Premium summer big reads: Life on the front line of the war against chemical weapons

The New Zealand Herald is bringing back some of the best stories of 2020 from our premium syndicators, including The New York Times, Financial Times and The Times of London.

Today we look at the Iraq war veteran helping fight the war against chemical weapons, the mysterious death of Hollywood actress Natalie Wood, the fight against the gender pay gap, working at home attire and the Central Park confrontation that went global.

The Iraq veteran on the front line

Hamish De Bretton-Gordon’s work inside Syria has not only earned widespread admiration but saved many lives too, by directly obstructing the ability of the Syrian regime to gas its subjects with the ease it would choose.

He has trained doctors and medics inside Syria to identify and treat chemical casualties and advised the UK government at the highest level on chemical and biological weapon use, including over the novichok poisonings in Salisbury.

Anthony Loyd of The Times talks with the Iraq veteran.

ALSO READ:
• Suicide bomber. Resistance fighter. Child grave robber. Four decades of war in Afghanistan
• Photos from America’s longest war
• These Syrian women rarely left the house. Then the men disappeared
• ‘We were bulletproof’: As child soldiers grow up, legacy of war lingers

My mother, Natalie Wood, Robert Wagner and the mystery of the night she died

Natasha Gregson Wagner was 11 when her mother, the legendary Hollywood actress Natalie Wood, drowned. For 39 years, rumours have surrounded what happened.

Now she’s made a documentary in which – for the first time – her 90-year-old stepfather, Robert Wagner, recalls that fateful night.

Gregson Wagner talks to Ben Hoyle of the Times about why she decided to delve into the events that surrounded her mother’s death all these years later.

How to close the gender pay gap: Solutions from the women trying to do it

Women around the world will have to wait another two centuries for the global gender gap to fully close.

That’s what the World Economic Forum predicted last December, when it stated that at the current rate of change it could take a startling 257 years to close the workplace gap — which measures factors such as wage equality, seniority and labour force participation.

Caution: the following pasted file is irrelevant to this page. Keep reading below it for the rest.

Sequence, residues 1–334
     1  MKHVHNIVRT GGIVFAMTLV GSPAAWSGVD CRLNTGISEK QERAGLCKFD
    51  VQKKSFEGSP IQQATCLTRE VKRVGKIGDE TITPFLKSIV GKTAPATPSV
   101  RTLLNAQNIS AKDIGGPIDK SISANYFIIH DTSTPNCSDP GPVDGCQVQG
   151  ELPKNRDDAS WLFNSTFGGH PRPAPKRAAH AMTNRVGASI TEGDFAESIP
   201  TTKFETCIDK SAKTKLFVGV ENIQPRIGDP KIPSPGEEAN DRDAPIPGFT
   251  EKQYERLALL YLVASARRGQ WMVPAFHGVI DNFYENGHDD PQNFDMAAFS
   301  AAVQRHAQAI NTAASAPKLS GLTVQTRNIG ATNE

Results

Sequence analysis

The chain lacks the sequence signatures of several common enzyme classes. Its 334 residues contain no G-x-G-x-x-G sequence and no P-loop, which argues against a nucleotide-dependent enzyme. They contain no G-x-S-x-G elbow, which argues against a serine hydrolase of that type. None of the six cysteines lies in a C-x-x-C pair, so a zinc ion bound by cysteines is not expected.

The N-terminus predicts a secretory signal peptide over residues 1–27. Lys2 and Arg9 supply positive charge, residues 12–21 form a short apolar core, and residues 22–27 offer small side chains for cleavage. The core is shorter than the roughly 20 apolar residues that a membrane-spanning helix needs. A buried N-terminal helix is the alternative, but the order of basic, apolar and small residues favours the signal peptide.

From Billie Jean King to Aditi Rao Hydari, eight global trailblazers share their thoughts on speeding up change in the workplace.

The Financial Times reports.

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• Facebook’s Sheryl Sandberg on powerful women and coming under fire

Goodbye, blazers; hello, 'coatigans.' Women adjust attire to work at home

In the Before Times, Rebecca Rittenberg, who works for Google in New York, said one of her favourite parts about going to the office was “showing up in a funky, cool professional outfit.”

Now, after eight months of working from home, and with Google saying that workers won’t have to return in person until next summer at the earliest, a big swath of that apparel has been donated and replaced. Rittenberg’s new definition of “work clothes” includes cashmere cardigans and joggers, headbands, and other cosy garments that fall somewhere in the “healthy in-between” of pajamas and blazers.

The New York Times looks at how with many professional women working remotely this year, their notions of work wear have transformed.

ALSO READ:
• The video call is starting. Time to put on your Zoom Shirt
• Business casual? It’s robes and slippers all day now

How two lives collided in Central Park, rattling the US

Christian Cooper began his Memorial Day like most of his May mornings, searching for Blackburnian warblers, scarlet tanagers and other songbirds that wing their way into Central Park.

Around the same time, Amy Cooper left her apartment on the Upper West Side at the edge of the Hudson River with her dog, Henry.

It was in the Ramble that the two Coopers’ lives collided, an encounter that was brief but would reverberate in New York City and beyond.

Sarah Maslin Nir of The New York Times shares the inside story of the black birder and the white woman who called the police on him.


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